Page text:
and I am writing a scene in which my father is holding his usual study, his brothers-in-law sitting at the dining room table , table my mother still has, by the way, his lectures on the composition and location of the human soul, a bottle  of Old Mr. Boston nearby, pale in the glasses, like my skin when it sparkles (as it did when I was with Thomas, especially whenever he kissed me and I kissed him); Thomas Robert is a drinker too; they would have enjoyed each other very much, and my father would have been joyous indeed to see that I had loved someone like Thomas Robert Higginson.

 

mr-boston-brandy-logo

 

image from :http://www.liquor.com/brands/mr-boston/

 

 

Back to the business of reverie, and repetition, for all of this is true, nothing truer has ever existed:

 

You know, I will always miss my father. Always. I was never spanked because of him; he did not believe in hitting; if something can be loved, you don’t h it, you love it. That is how he raised me , so unlike my mother; how different they were. I don’t think she ever hard the trains. Maybe just a screech of metal on metal, trains encountering obstruction on the tracks, circles in her mind, constricting it. Oh I also recall the magic of being in Terminal Tower when the locomotives chugged into Higbees underground, and the magicians’ smoke filled the space, overlaid more drawings on the luscious artwork, murals (that never should have been destroyed, work sewer rats could do, but I would think that even they would gag on such colorful profundity and drop like tubes of oil paint, potential usefulness squeezed out, fat gray gloves decorating the scene); smoke gushing out of the front silver plate, folded with the fold pointing out like a collar cradled in silvery recollections; this is what irons wanted to be, but not even that Rowenta came close, the steam irons would slobber on the clothes when they weren’t working properly; they wanted to be flattened for usefulness on the railroads, my paternal grandfather built them, hammer and pickaxe, Native American, Caucasian and immigrant from India, dry-land stevedore, oh, oh, oh, these memories….those murals in Terminal Tower railroad station

 

copyright © 2017 by Thylias Moss. Published by arrangement with the author.  All rights reserved.

 

3 poams from LFMK coming to Outlook Springs!

Three prose poams from my LFMK collection of Prose poams: “Looking For My Killer: Where Controversy Breeds” currently being considered by Jamii, a publisher (I am hoping for the best possible outcome, and for women taking back the night; what sacrfice this woman is.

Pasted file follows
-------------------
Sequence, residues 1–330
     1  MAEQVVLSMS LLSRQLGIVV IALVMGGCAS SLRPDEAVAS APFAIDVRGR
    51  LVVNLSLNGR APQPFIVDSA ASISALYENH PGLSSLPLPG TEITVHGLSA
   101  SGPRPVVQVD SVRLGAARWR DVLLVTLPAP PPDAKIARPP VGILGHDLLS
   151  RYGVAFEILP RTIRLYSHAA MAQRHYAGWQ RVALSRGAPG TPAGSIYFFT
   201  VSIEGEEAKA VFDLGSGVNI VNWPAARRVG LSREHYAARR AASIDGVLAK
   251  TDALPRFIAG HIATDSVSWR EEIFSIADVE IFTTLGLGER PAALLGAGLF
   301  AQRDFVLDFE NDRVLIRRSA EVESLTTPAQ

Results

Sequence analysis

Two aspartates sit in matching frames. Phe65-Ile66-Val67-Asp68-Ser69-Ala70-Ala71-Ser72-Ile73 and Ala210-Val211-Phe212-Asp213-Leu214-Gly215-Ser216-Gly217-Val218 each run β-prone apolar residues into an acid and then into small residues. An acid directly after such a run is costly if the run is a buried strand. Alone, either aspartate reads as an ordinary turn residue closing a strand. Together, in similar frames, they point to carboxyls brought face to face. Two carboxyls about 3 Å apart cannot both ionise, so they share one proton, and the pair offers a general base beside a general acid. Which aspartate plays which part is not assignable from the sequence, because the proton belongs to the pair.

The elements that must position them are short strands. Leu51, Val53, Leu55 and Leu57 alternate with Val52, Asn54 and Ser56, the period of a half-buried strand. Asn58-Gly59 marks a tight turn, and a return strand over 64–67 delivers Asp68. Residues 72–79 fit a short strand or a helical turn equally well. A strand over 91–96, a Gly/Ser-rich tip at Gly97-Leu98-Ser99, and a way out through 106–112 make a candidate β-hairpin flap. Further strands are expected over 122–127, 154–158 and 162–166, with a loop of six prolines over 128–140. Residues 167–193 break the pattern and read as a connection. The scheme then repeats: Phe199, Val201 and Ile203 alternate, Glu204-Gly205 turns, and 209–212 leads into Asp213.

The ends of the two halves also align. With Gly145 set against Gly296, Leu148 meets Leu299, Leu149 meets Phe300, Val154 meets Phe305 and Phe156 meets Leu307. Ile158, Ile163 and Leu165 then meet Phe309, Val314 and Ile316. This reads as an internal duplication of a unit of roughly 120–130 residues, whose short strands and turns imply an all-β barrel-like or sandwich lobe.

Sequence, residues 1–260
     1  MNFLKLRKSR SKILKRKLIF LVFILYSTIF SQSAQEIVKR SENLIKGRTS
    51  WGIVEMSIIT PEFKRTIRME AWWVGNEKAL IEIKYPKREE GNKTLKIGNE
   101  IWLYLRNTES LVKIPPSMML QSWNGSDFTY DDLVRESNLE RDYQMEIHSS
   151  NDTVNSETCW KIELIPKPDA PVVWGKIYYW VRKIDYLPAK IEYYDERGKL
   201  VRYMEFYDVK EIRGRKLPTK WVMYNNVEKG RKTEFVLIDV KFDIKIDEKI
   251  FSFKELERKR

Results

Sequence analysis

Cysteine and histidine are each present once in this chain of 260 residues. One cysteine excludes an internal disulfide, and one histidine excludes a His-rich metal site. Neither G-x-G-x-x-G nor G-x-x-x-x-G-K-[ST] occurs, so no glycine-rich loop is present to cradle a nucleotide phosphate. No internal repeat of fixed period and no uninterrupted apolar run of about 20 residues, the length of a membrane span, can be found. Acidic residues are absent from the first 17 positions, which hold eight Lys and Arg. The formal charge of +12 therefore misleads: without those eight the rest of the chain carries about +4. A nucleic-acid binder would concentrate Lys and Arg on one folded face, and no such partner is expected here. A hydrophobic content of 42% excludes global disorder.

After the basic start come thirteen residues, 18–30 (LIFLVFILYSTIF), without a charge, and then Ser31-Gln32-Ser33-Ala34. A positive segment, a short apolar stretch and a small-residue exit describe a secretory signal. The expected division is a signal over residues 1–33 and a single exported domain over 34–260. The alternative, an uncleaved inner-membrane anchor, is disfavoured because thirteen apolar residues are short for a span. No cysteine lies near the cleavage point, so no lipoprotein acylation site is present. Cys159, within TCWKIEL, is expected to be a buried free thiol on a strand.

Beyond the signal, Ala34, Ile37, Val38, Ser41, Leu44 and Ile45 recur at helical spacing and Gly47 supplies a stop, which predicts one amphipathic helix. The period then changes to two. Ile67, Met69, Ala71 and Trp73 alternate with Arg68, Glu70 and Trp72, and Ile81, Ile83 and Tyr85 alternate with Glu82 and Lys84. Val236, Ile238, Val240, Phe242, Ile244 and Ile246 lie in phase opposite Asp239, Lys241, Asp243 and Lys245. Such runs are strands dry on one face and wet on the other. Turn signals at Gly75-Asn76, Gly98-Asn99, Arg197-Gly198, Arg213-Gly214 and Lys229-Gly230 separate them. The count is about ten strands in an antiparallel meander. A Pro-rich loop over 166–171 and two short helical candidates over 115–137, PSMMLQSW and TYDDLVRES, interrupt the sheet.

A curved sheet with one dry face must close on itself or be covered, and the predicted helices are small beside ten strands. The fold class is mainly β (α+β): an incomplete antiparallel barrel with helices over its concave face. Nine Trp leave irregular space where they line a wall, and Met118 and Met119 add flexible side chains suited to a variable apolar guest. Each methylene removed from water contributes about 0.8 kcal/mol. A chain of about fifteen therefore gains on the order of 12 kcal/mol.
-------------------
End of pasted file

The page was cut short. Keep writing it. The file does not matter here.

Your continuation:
Let those of us who live thank her every day);

 

These three prose poams from that collection, will appear in Outlook Springs:

 

(Personnel of Outlook Springs)

  1. “Earthquake Vash (Predicted by the Seismograph in the Heart)”
  2. “Small Virtue And Gimme Some A+Bliss
  3. “Status Report on Slinky Lust “and the video poam that reveals the public service that the narrator provides in this video poam: “Looking for My Killer, Where Controversy Breeds”

 

Words written by, sung by, text cheorography by Thylias Moss in an attempt to save other woman from such assaults and slayings.  I also made the film itself, filmed myself walking streets of Saline, Michigan.

 

Why not there? Isn’t that the point? Women may be brutalized anywhere, even in their homes.  

 

Music composed and performed by Ansted Moss; I arranged the music for this video poam and for the book itself.  

 

and now some of the tortured ad brutalized women:

 

https://www.vice.com/en_us/article/trans-women-of-color-face-an-epidemic-of-violence-and-murder-673

 

The incoherent response by cops is just making the problem worse.

Photo via Eisha Love’s Model Mayhem page

Between October 2013 and the end of this September, according to international reports gathered by the European group Transrespect versus Transphobia (TvT), 226 transgender people were murdered around the world. Most were trans women of color. Those numbers were gathered by painstakingly raking through news articles and by reports submitted through partner organizations in places like Honduras and Thailand.

The website for Transgender Day of Remembrance (TDoF) has its own list of names of the dead, featuring some 700 trans people—mostly women of color, again—brutally murdered in recent years. TDoF’s list goes back all the way to 1970, but the bulk of the homicides took place between 2000 and 2012.

Both lists offer a horrifying record of hate. No murder is pleasant, but the killings of trans women tend to be particularly sick. Victims are dragged behind a car, burned alive, stoned to death, skinned, or—far too often—beaten to death in the middle of a crowded street or party.